A TOAST TO TRUMP AND RUTTO
They are disrupters. Ordinary human beings who go against the grain. People who are ‘crazy’ and courageous enough to go against the ‘way things are,’ and voice what is ‘not supposed to be said’
This week, allow me to celebrate two mavericks. I will begin with the first. A long time ago, in a remote village called Tumoi, there was a brainy, skinny Kalenjin boy who questioned anything, inspected everything and explored everywhere. He was a little rebel who never accepted things as they were. He went on to be a vocal youngster in the Nairobi University student leadership, a firebrand adult in Parliament and a trailblazer in the Council of Governors. A few weeks ago, he confronted the state itself – the arm of the government that is dressed in blue and wields tear gas canisters. For his valiant efforts he was awarded a broken nose.
Across the oceans, the other maverick is nothing but a genius. At least now we know. Like a bull in a china shop, he crashed his way into the White House. His surprising political genius drew from his business acumen. He based his campaign on identifying the needs of the target market. After some market research, Donald Trump found that what his consumers demanded was misogyny and white supremacy allusions. And he got the doctrine spot on with his Bible-wielding running mate. In short, he fed into this electorate’s appetite unashamed.
Unsavoury as he may be, Trump represents a disruption to political order, and a revision of political discourse. However, his term in office will be a pale shadow of his colourful campaign, or will it? As Mario Cuomo said: “You campaign in poetry. You govern in prose”. Whatever the case, his will by far be the most intriguing American presidential term.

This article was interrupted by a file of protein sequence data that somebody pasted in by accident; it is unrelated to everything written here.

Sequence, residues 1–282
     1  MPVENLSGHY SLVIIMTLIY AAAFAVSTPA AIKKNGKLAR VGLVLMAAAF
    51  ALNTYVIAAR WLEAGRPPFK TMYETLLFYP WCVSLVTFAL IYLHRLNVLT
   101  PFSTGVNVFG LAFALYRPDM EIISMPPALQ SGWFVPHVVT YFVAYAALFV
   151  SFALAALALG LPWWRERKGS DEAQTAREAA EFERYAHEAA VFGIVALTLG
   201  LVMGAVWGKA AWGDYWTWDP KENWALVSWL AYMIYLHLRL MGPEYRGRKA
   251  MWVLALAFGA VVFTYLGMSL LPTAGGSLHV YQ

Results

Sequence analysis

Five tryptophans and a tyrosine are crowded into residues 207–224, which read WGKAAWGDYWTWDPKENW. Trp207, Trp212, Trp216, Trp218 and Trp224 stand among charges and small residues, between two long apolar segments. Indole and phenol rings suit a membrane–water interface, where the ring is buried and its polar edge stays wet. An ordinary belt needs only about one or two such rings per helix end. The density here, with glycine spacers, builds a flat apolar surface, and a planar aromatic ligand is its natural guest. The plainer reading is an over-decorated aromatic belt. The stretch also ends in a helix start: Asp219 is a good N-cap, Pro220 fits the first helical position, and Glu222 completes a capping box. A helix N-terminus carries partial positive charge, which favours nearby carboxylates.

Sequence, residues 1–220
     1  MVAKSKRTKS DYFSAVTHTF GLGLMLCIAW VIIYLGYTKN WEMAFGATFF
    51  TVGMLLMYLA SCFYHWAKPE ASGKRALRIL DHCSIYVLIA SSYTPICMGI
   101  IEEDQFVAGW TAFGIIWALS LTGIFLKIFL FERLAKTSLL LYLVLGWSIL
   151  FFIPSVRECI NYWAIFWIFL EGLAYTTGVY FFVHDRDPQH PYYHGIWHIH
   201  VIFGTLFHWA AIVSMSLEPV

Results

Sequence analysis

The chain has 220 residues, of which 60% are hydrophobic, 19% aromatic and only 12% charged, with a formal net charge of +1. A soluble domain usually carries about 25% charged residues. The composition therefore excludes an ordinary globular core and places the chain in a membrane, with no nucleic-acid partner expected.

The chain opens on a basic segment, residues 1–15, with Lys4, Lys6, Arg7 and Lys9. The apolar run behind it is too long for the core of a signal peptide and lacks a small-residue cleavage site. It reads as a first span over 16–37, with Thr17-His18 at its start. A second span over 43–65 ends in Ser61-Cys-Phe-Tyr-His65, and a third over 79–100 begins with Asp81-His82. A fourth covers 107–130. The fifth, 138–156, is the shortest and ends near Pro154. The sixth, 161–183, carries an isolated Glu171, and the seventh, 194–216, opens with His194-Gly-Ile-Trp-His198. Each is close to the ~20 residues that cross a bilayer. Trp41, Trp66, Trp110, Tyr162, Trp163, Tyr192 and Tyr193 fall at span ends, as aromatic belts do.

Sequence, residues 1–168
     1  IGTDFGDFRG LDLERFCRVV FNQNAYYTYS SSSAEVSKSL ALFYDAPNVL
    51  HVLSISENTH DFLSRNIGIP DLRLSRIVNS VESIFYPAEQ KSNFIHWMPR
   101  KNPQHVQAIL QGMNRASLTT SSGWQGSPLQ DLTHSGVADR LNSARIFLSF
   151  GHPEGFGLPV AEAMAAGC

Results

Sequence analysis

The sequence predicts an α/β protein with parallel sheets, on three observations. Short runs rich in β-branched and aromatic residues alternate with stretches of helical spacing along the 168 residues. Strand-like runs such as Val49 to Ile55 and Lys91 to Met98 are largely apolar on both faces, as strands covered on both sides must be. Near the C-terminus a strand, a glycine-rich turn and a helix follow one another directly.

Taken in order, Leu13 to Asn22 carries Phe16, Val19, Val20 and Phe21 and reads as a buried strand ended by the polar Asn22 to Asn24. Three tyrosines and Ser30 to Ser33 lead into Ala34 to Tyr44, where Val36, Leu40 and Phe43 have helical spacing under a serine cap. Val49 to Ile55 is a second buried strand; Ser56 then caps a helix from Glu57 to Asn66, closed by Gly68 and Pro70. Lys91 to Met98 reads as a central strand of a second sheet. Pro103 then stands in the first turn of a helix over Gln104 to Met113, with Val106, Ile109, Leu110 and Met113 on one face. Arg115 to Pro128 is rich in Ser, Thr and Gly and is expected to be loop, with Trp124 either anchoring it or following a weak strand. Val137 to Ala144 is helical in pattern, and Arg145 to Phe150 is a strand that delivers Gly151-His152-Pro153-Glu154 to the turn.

What Isaac Rutto and Donald Trump have in common is that they are disrupters. Ordinary human beings who go against the grain. They are people who are ‘crazy’ and courageous enough to go against the ‘way things are,’ and voice what is ‘not supposed to be said’.
History is replete with people like these. The truth is, the disrupters are in the end the changemakers. Among the rebels, radicals and renegades who shaped the world, not a single one of them was a sheep. Mahatma had to have the heart of a lion to break the British Salt Law and lead thousands in a trek towards the sea. Civil rights activist Rosa Parks had to have nerves of steel to sit at the front of the bus. And don’t forget that Jesus Christ was perceived as not just a rebel, but a criminal by the establishment of the day. And He suffered capital punishment for it in the end.
While gutsy historical hellraisers are celebrated by some, they were actively denounced by many. In the 19th century when the automobile was invented, the then Pope condemned the innovation as the devil’s own contraption and it would slow down heart rates.
This was for the simple reason that it was too radical an idea. Too different. Too disturbing. Like Isaac Rutto. Speaking of which, if I were in his shoes, political paranoia would take me to a far-flung hospital in rural Croatia, let alone South Africa, to reconstruct my broken nose. As Andrew Grove says: Only the paranoid survive. Particularly if the paranoid one is a threat to the status quo, and is unafraid of being defiant.
In my view, the world should not be terrified of disrupters, instead they should be celebrated. They are the ones who ensure that we are not collectively herded in the same direction, century after century. And with that I wish Trump a successful presidency. And to Rutto, a speedy recovery. May he soon return to continue shaking things up – unapologetically.
THE DISRUPTERS ARE THE CHANGEMAKERS. THE WORLD SHOULD NOT BE TERRIFIED OF DISRUPTERS, INSTEAD THEY SHOULD BE CELEBRATED. THEY ENSURE THAT WE ARE NOT COLLECTIVELY HERDED IN THE SAME DIRECTION, CENTURY AFTER CENTURY